(Scott Phillips/NBCSports.com)

High-scoring four-star guard Jalen Adams prepares for an important summer

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INDIANAPOLIS — One of the biggest stock risers in the spring was combo guard Jalen Adams. The Class of 2015 native of Roxbury, Massachusetts has been scoring the ball at a high clip all spring on the adidas Gauntlet as he looks healthy and determined with the Mass Rivals.

“No injuries, I’m playing a lot. We’re winning a lot, so that’s been good,” Adams said to NBCSports.com

Mass Rivals had a great spring on the adidas Gauntlet, going 11-5 as the 6-foot-1 Adams averaged 22.2 points per game in nine games on 47 percent shooting from the field. With so many elite guards in 2015 committing to schools early in the process, recruiting interest has also picked up for the combo guard and he’s seen a lot of activity in recent weeks.

“It’s definitely picked up quite a bit, Adams said.

“UConn, Minnesota, Kansas, Creighton, Rhode Island, Louisville and a few other schools.”

To be recruited by the defending national champions, UConn, is a big deal for a native of the Northeast like Adams.

“It feels good. Coach Ollie’s a cool dude. He talks to me about how I play in their system and how he likes the way I play,” Adams said.

One of the reasons Adams is drawing a lot of interest is his ability to score from all over the floor. Adams is advanced pulling up from mid-range or getting to the basket and playing above the rim a little bit. If the combo guard can improve his 24 percent three-point shooting in July, nearly every school in the country should show interest.

Adams is the No. 27 prospect in Rivals.com’s 2015 national rankings, but he credits playing with future Syracuse point guard Kaleb Joseph as a big factor in his development this season.

“I think I got a lot better over the school season working out with Kaleb (Joseph) and kids at my school,” Adams said. “It was fun playing with him. Playing with him in AAU and school. He helped me become a leader and become a true point guard.”

Although Adams went to battle against a talented player like Joseph in practice at Cushing Academy, he likes to model his game after a few other players.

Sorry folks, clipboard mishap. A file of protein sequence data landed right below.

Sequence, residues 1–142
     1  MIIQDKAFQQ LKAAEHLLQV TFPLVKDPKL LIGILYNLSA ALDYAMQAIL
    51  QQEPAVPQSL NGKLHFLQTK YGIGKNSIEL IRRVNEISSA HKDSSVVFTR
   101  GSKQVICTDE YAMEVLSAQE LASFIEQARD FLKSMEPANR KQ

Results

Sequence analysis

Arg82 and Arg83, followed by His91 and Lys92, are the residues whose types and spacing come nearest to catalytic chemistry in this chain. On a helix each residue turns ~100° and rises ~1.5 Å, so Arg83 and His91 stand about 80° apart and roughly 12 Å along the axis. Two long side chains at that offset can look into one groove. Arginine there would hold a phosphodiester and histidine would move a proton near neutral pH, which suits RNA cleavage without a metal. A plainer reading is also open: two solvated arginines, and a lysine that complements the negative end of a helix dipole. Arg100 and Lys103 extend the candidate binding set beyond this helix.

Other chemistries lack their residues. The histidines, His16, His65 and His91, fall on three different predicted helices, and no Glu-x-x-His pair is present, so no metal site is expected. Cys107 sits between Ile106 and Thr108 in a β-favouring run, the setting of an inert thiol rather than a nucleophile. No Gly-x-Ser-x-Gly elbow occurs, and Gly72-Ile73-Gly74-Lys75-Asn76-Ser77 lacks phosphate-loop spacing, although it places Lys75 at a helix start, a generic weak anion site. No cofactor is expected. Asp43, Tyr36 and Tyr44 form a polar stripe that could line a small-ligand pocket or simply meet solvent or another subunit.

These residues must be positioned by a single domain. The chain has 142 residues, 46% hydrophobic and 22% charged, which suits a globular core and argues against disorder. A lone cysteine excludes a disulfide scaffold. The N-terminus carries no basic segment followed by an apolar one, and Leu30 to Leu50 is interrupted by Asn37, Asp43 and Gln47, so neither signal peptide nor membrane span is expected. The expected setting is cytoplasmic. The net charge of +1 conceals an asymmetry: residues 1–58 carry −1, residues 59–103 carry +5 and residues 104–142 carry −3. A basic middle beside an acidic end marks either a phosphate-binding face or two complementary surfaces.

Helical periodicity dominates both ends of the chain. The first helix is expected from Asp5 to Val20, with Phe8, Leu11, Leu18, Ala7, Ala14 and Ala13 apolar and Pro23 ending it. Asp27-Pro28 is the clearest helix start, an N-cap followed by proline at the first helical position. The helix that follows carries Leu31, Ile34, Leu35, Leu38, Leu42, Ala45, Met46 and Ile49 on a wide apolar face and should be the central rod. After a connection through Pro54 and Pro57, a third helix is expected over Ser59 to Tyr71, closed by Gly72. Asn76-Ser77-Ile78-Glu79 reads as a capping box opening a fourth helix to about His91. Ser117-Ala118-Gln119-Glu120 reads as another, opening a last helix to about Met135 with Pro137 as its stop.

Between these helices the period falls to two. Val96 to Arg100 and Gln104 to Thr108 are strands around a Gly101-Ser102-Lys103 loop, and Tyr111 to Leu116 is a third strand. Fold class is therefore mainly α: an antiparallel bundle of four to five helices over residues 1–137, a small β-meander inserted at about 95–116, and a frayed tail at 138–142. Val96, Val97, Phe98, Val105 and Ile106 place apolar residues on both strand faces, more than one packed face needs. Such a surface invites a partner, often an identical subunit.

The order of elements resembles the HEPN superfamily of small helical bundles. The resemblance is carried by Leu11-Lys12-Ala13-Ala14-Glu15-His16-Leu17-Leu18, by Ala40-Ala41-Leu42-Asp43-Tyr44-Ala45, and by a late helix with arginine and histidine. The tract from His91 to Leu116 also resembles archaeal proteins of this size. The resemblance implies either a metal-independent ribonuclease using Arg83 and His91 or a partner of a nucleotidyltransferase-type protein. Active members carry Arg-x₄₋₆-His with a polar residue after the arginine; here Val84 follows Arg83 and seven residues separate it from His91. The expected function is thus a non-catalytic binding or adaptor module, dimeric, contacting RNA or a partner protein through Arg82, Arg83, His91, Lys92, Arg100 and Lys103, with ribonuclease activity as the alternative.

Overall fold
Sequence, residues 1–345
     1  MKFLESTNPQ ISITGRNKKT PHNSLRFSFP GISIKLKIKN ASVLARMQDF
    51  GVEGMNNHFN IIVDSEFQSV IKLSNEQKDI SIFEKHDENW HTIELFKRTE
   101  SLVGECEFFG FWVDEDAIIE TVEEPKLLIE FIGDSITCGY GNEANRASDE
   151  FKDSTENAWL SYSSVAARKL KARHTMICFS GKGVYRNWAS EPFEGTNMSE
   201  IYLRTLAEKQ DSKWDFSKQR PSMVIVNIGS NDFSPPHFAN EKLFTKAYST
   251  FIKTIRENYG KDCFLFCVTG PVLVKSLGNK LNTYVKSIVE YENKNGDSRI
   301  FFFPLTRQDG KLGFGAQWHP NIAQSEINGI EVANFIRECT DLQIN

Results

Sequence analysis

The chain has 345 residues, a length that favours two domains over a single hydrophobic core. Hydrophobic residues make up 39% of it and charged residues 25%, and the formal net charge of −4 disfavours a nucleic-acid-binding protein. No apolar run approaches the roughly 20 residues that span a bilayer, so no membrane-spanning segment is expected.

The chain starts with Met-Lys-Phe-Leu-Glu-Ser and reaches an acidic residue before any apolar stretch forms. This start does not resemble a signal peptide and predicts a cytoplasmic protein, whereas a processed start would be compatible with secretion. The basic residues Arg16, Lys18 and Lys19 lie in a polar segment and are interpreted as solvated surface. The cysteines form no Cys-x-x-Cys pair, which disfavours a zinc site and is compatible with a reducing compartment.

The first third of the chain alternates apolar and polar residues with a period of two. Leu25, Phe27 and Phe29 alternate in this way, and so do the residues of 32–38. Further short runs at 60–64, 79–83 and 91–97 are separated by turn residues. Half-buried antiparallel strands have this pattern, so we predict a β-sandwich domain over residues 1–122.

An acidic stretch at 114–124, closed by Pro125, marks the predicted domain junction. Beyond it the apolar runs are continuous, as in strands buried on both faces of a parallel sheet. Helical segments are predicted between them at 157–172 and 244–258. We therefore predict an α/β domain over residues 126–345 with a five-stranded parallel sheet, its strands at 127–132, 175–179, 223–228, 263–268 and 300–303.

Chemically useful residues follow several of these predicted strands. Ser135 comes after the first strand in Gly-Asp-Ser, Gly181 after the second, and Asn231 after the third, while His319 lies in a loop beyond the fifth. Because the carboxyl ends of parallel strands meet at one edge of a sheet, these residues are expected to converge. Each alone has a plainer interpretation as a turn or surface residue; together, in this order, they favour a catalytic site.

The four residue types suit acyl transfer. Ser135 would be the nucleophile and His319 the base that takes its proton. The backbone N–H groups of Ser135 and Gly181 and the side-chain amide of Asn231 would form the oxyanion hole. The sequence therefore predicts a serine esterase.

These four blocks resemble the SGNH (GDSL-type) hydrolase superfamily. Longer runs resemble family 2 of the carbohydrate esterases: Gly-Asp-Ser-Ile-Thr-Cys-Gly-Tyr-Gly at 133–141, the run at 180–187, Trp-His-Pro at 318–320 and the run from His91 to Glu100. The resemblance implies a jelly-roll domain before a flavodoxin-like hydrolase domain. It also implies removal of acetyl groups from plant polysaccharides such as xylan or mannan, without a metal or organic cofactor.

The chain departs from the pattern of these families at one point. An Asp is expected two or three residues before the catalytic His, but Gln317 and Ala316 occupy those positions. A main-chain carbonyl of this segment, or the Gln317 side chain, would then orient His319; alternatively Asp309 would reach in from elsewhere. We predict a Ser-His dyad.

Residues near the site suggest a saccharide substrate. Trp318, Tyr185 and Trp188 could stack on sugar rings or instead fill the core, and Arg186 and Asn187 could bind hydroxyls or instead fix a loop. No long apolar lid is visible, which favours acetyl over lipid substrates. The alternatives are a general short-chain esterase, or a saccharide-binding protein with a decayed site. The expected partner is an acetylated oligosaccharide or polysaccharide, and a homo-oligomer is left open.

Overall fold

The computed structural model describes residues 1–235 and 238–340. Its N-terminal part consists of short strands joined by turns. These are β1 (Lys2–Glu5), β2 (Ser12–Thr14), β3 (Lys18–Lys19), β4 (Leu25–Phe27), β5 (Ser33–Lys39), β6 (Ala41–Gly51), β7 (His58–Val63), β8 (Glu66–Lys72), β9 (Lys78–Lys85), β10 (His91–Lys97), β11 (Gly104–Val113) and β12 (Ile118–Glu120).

“I like the way that Shabazz Napier plays and Russ Smith and a few other guards,” Adams said. “With Shabazz, definitely the hesitation pull-up and creating and getting to the basket and creating for others. With Russ Smith, I like the way that he’s explosive.”

The recruiting process is still in the exploratory stages for Adams, as he has no visits planned at the moment and he focuses on being prepared for July and playing in front of the college coaches.

“(I want to) show them that I can get to the basket and not only score, but get others involved,” Adams said.

No. 5 Xavier stumbles at Creighton, lose 70-54

Creighton's Cole Huff (13) and Toby Hegner, left, guard Xavier's Jalen Reynolds (1) during the first half of an NCAA college basketball game in Omaha, Neb., Tuesday, Feb. 9, 2016. (AP Photo/Nati Harnik)
(AP Photo/Nati Harnik)
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Mo Watson went for a career-high 32 points, seven boards and five assists as Creighton jumped out to an early 21-4 lead and never looked back, beating No. 5 Xavier, 70-54, in Omaha on Tuesday night.

 

It was a massive win for the Bluejays, who still have an outside shot at earning an at-large bid this season. (We wrote all about that here.)

As well as Creighton played, the bigger story here may actually be Xavier, who lost for just the third time this season; they had been the only top ten team with just two losses to their name.

The issue for the Musketeers tonight was two-fold, but they both are a symptom of what could be an issue down the road for this team: Xavier doesn’t really have a true point guard.

They certainly didn’t have anyone to stop Watson. By the second half, they had essentially asked Reynolds, who was playing the middle of their 1-3-1 zone to matchup with Watson. It was weird but was actually somewhat effective.